|ORIGINAL CONTRIBUTION: SURGICAL ONCOLOGY
|Year : 2014 | Volume
| Issue : 2 | Page : 84-88
Targeted four-node sampling of axilla: A simple, reliable, and cost-effective approach in the management of breast cancer
Chintamani1, Mukesh Garg1, Manu Kaushik1, Anju Bansal2, Usha Agarwal2, Sunita Saxena2
1 Department of Surgery, Vardhman Mahavir Medical College and Safdarjung Hospital, New Delhi, India
2 Institute of Pathology ICMR, Vardhman Mahavir Medical College and Safdarjung Hospital, New Delhi, India
|Date of Web Publication||31-Jul-2014|
Department of Surgery, VM Medical College and Safdarjung Hospital, New Delhi - 110 029
Source of Support: None, Conflict of Interest: None
Background: Axillary lymph nodes are surrogate markers for mapping the optimal management of axilla in breast cancer, and their assessment is pivotal to management and outcome. Until now, the assessment of axillary lymph nodes largely relies upon sentinel node biopsy (dual method) or conventional lymph node dissection. The morbidity of axillary lymph node dissection, however, is well known. Sentinel node biopsy is thus considered the standard of care in a node-negative axilla. However, developing economies face the dilemmas and challenges of matching up to the high cost of gamma probe, the vagaries of its learning curve, and, often, the advanced stage of disease at which the patients present. Also, with the advent of neo-adjuvant chemotherapy, the axilla can now be downstaged to a node negative status (N0). In this setting, a targeted four-node sampling (FNS) can offer a simple, reliable, and cost-effective approach for assessment of the axilla. Material and Methods: A total of 50 patients with locally advanced breast cancer who had received neo-adjuvant chemotherapy form the nucleus of this study. In each patient, axillary mapping was done using periareolar injection of 3 mL of methylene blue dye immediately before surgery. Four blue nodes from the specified anatomical site at level-I were picked up and subjected to frozen section. The axillary dissection was subsequently completed in a conventional manner in all patients irrespective of the outcome of frozen section and the entire specimen was the sent separately for histopathological examination. The outcome of frozen section was compared and correlated with the actual histopathological assessment of entire axilla to find out the sensitivity, specificity, and false negative rates of the technique. Results: The sensitivity and specificity of FNS were found to be 89.5% and 93.3%, respectively. The negative and positive predictive values were found to be 84.6% and 100%, respectively. Conclusions: It was observed that "targeted" FNS using methylene blue dye can serve as a reliable and inexpensive alternative to other techniques for addressal of axilla even in locally advanced breast cancers. This is particularly relevant in developing economies where majority patients still present as locally advanced; and high-end facilities, such as gamma camera and isotope studies, are scarce.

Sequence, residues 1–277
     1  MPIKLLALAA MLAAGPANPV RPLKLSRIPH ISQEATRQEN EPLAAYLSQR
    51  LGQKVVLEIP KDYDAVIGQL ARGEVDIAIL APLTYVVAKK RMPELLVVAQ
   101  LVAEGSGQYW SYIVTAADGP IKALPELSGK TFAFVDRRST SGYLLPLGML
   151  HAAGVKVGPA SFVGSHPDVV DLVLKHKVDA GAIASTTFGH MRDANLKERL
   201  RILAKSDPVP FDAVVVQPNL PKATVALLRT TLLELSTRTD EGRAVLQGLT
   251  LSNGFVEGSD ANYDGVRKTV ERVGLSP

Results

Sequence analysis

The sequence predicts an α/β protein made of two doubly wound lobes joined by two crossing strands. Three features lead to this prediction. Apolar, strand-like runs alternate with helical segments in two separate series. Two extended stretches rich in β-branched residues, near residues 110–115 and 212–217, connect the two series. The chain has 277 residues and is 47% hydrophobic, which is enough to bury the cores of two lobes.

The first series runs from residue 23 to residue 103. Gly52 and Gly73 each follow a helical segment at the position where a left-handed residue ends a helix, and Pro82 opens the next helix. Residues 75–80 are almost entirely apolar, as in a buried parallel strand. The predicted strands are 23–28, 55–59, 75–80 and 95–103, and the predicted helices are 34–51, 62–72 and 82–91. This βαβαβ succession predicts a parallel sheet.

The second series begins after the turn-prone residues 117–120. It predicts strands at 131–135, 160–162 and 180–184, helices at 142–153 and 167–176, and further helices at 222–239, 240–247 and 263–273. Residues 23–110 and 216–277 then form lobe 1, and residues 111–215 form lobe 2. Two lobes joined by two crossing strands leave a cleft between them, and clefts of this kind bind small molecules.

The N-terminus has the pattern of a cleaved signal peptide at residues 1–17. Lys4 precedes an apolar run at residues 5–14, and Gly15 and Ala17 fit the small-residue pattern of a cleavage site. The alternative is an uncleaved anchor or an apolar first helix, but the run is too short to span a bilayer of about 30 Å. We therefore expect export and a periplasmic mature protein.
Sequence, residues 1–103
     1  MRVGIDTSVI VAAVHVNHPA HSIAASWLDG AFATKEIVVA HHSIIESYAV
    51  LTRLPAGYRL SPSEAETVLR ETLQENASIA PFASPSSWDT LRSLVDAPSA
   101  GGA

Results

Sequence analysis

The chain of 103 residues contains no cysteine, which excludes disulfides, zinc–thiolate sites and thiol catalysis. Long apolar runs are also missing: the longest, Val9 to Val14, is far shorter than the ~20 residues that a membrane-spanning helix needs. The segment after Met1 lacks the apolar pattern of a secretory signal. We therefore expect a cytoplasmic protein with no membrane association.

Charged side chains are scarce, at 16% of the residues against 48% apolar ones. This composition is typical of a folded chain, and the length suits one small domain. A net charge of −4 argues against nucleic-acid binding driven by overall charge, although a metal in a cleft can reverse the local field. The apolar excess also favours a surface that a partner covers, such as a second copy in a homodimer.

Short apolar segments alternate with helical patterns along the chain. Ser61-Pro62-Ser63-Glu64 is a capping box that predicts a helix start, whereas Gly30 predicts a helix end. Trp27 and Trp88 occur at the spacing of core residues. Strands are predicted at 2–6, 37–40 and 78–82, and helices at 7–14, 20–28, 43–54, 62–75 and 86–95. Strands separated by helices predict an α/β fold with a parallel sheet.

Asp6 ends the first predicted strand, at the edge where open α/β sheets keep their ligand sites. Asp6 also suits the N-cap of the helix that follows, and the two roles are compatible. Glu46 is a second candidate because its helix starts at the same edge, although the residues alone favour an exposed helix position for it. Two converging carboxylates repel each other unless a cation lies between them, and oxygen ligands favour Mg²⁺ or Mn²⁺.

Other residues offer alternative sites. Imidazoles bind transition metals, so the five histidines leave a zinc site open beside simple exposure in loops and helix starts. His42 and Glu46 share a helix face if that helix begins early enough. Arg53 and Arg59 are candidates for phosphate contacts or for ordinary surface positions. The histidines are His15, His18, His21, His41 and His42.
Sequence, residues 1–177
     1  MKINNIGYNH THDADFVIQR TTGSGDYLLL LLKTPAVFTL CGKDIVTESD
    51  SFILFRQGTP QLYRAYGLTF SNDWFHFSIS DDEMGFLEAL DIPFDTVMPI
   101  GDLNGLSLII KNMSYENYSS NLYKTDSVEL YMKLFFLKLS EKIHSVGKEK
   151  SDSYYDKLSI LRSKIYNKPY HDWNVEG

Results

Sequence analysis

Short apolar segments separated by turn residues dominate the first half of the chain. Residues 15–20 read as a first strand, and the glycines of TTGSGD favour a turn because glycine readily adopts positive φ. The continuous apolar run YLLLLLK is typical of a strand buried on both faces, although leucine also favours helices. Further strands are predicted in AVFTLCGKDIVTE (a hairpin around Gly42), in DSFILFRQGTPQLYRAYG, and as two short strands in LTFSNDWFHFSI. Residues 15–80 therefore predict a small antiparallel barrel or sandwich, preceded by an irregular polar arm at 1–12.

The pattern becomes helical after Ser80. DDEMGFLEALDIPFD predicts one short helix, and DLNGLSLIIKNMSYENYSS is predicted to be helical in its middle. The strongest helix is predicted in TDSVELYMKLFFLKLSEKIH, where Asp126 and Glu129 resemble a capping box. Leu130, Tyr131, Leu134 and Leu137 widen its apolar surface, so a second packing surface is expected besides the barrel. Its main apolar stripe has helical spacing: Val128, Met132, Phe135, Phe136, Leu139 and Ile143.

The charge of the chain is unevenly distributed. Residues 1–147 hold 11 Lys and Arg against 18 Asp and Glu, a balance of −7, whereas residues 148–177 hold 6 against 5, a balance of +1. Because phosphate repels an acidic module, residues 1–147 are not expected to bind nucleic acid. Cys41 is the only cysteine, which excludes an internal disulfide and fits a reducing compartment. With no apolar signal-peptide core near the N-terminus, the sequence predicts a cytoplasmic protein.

Keywords: Axillary sampling, breast cancer, targeted
|How to cite this article:|
Chintamani, Garg M, Kaushik M, Bansal A, Agarwal U, Saxena S. Targeted four-node sampling of axilla: A simple, reliable, and cost-effective approach in the management of breast cancer. Astrocyte 2014;1:84-8
|How to cite this URL:|
Chintamani, Garg M, Kaushik M, Bansal A, Agarwal U, Saxena S. Targeted four-node sampling of axilla: A simple, reliable, and cost-effective approach in the management of breast cancer. Astrocyte [serial online] 2014 [cited 2022 Sep 29];1:84-8. Available from: http://www.astrocyte.in/text.asp?2014/1/2/84/137850
| Introduction|| |
Breast cancer is the second most common malignancy and its incidence is constantly rising in urban India. , The pattern of Indian disease is different from its Western counterpart; in that, the incidence has two distinct peaks. The first peak occurs in young patients in their 30s and 40s, and most of these patients present with locally advanced breast cancer (LABC) with axillary lymph node metastases.  Since axillary lymph node involvement is the most important prognostic marker of outcome, till now, axillary lymph node addressal/dissection has been considered an essential component of breast cancer management.